House-sitting and house-swapping are fantastic low cost ways of getting to stay in some amazing places. We have old friends in Turkey who live in…
…Gökcebel, a sprawling village in the foothills above Yalıkavak. Their impressive detached pile is surrounded on all sides by a well-manicured walled garden and patrolled by a trio of cats brought in from the bins. Just like its owners, the house is elegant, unpretentious and homely.*
They often exchange their village homestead for ruritanian French gites and posh Californian condos. All they ask (along with the place not being trashed, obviously) is that their soporific cats are fed and watered. Easy.
Now we’re in our new gaff, we might get in on the act. There must be people out there who wouldn’t mind laying their hat in a well-appointed micro-garret with all mod-cons minutes away from the delights of Norwich and her embarrassment of riches. Ours is a lock-up-and-leave loft, small but beautifully formed (like me). All we’d ask is that guests turn the lights out as they leave. I guess we’d have to hide the dressing-up box and battery-operated play things. Or maybe not.
Sometimes, this care-taking lark can be a tad more challenging. Take, for example, the menagerie owners in Hockwold cum Wilton (yes, that is a genuine place) who pretty much need a qualified zoo keeper to look after their duo of dairy goats (Simone and Ashia), a pack of terriers (Monty, Blossom, Scarlett and Sanya), a clutter of cats (Jarvis and KC), a brace of drakes (Flappy and Ballerina), a nest of guinea pigs (Hearty and Chubby), a clutch of chickens (including randy roosters) and a small shoal of goldfish. Sounds a bit too much like work experience at Whipsnade for my liking and besides, I’d be terrified of killing something. Still, there are no shortage of goat-herders applying for the busman’s holiday. They’re fully booked.
Thanks to Roving Jay for the heads up on this one.
East Anglia is England’s breadbasket, a land of milk and honey, a cornucopia of plenty. From crab to duck, sugar, saffron and samphire, poultry and pigs, mustard to mint, wheat, barley and acres and acres of rapeseed that in spring turn the patchwork of fields an iridescent yellow, the flatlands provide some of the most abundant land on Earth. But you can have too much of a good thing. Back in the day, being fat was a sign of wealth and health. Skinny was the fashion of those at the bottom of the social heap, a consequence not a choice. But now, the flatlands are the fatlands; fat is the new thin.
Who am I to talk? Now I’ve reached my midriff years, I’m no longer that skinny little waif whose 26 inch waist played to packed houses in the late Seventies. Yes, my middle age spread is, well, spreading. But I’m talking about carbon hoof prints of heffer proportions and they’re attached to people half my age. It ain’t clever and it ain’t pretty. So, my fellow East Angles, if you want to outlive your parents, it’s time to go easy on the pies and the fries.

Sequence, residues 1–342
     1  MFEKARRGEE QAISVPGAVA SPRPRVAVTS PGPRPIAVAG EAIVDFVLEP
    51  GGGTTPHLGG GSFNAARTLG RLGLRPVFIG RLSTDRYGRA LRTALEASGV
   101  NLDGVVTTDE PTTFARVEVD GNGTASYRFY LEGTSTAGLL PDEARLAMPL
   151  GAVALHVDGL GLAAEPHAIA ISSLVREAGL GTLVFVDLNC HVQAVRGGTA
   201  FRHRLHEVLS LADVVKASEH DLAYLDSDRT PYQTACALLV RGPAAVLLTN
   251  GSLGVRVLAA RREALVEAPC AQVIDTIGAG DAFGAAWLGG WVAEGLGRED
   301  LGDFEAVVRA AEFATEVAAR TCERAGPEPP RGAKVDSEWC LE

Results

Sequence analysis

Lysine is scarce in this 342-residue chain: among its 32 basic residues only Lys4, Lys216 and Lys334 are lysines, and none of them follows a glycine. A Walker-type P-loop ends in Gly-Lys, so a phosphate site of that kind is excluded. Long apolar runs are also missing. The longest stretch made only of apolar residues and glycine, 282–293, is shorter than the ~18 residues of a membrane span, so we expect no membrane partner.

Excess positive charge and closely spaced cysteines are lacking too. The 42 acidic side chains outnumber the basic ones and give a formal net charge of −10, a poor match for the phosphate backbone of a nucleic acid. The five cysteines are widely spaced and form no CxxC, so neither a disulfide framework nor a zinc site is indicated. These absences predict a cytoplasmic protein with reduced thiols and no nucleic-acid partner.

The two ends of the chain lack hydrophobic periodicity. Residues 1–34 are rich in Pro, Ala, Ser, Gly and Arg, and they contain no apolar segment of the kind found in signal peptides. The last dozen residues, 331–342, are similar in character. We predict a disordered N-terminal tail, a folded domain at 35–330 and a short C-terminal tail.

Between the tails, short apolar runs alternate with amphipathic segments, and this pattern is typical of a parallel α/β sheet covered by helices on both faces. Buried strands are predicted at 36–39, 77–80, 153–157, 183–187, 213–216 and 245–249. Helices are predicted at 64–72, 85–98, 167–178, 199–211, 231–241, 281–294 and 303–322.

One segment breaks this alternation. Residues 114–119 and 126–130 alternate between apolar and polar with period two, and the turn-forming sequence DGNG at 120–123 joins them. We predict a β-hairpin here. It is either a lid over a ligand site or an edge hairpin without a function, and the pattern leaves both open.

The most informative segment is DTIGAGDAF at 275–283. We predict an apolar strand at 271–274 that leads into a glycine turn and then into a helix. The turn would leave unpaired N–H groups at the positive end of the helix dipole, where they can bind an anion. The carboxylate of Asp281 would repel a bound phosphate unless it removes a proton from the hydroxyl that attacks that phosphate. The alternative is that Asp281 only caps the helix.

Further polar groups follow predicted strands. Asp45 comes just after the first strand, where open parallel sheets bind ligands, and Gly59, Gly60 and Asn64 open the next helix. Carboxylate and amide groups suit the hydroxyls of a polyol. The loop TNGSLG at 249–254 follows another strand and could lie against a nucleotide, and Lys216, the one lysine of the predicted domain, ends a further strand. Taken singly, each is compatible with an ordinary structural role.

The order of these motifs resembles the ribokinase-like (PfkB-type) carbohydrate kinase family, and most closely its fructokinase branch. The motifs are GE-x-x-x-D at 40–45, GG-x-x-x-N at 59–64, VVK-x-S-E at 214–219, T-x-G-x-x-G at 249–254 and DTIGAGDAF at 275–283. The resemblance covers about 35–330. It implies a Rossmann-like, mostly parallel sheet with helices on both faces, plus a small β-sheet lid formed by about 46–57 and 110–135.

As a recent interloper to this green and pleasant corner of England, it’s not for me to suggest that the north folk of Norfolk are less blessed in the old grey matter than those in other parts of this sceptre’d isle. Those in a better position to judge such things tell me that a long history of cousin-shagging has indeed narrowed the gene pool. So this isn’t just a malicious rural myth spread by the smug metropolitan elite. It seems there was little else to do during the cold and dark winter months before the advent of commercial TV and Super Mario, not even a brass band or a male-voice choir. Even today, whenever a local yokel says or does something, well, a bit village idiot, there’s a time-honoured, well-worn phrase that trips of the lips of the spectators to the fall. With arms folded they mutter with a casual shrug, “normal for Norfolk.” This might also explain the popularity of the UK Independence Party.
A sunny spring day saw us on the top floor of a double decker cruising cross-country past gilded fields of rapeseed. We were on our way to Loddon, a picture postcard market town of 2,500 souls, ten miles outside Norwich at the headwaters of the Norfolk Broads on the River Chet. We had a taste for a speciality brew and a clotted cream fancy in the Vintage Tea Rooms at the Eighteenth Century Mill, quite the thing to do in these parts. Neat and tidy Loddon is stuffed with quaint little Georgian and Victorian buildings lining its gently winding high street and is dominated by the fifteenth century Holy Trinity Church set in a sea of tombstones. The town also features the smallest fire station I’ve ever seen with room for just a single truck and no fireman’s pole to slide down.